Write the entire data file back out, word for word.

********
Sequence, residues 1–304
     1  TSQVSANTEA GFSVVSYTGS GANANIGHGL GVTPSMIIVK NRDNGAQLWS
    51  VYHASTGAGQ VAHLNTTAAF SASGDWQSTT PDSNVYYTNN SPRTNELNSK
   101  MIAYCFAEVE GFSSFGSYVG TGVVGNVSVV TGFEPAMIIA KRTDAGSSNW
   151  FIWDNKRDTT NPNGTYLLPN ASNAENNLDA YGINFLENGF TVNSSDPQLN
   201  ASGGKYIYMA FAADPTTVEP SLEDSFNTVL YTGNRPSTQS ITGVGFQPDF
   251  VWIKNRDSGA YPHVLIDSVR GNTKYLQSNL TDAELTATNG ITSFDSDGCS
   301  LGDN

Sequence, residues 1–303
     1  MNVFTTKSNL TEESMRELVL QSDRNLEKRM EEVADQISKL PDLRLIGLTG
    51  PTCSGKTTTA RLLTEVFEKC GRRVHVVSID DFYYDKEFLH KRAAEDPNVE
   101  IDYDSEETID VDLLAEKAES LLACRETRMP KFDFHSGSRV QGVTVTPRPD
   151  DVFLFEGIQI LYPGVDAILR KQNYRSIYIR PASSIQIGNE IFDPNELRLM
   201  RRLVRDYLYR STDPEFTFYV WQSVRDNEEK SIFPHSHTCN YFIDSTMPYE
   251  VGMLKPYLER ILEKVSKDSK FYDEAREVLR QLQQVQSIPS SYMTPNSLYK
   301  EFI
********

Sequence, residues 1–304
     1  TSQVSANTEA GFSVVSYTGS GANANIGHGL GVTPSMIIVK NRDNGAQLWS
    51  VYHASTGAGQ VAHLNTTAAF SASGDWQSTT PDSNVYYTNN SPRTNELNSK
   101  MIAYCFAEVE GFSSFGSYVG TGVVGNVSVV TGFEPAMIIA KRTDAGSSNW
   151  FIWDNKRDTT NPNGTYLLPN ASNAENNLDA YGINFLENGF TVNSSDPQLN
   201  ASGGKYIYMA FAADPTTVEP SLEDSFNTVL YTGNRPSTQS ITGVGFQPDF
   251  VWIKNRDSGA YPHVLIDSVR GNTKYLQSNL TDAELTATNG ITSFDSDGCS
   301  LGDN

Sequence, residues 1–303
     1  MNVFTTKSNL TEESMRELVL QSDRNLEKRM EEVADQISKL PDLRLIGLTG
    51  PTCSGKTTTA RLLTEVFEKC GRRVHVVSID DFYYDKEFLH KRAAEDPNVE
   101  IDYDSEETID VDLLAEKAES LLACRETRMP KFDFHSGSRV QGVTVTPRPD
   151  DVFLFEGIQI LYPGVDAILR KQNYRSIYIR PASSIQIGNE IFDPNELRLM
   201  RRLVRDYLYR STDPEFTFYV WQSVRDNEEK SIFPHSHTCN YFIDSTMPYE
   251  VGMLKPYLER ILEKVSKDSK FYDEAREVLR QLQQVQSIPS SYMTPNSLYK
   301  EFI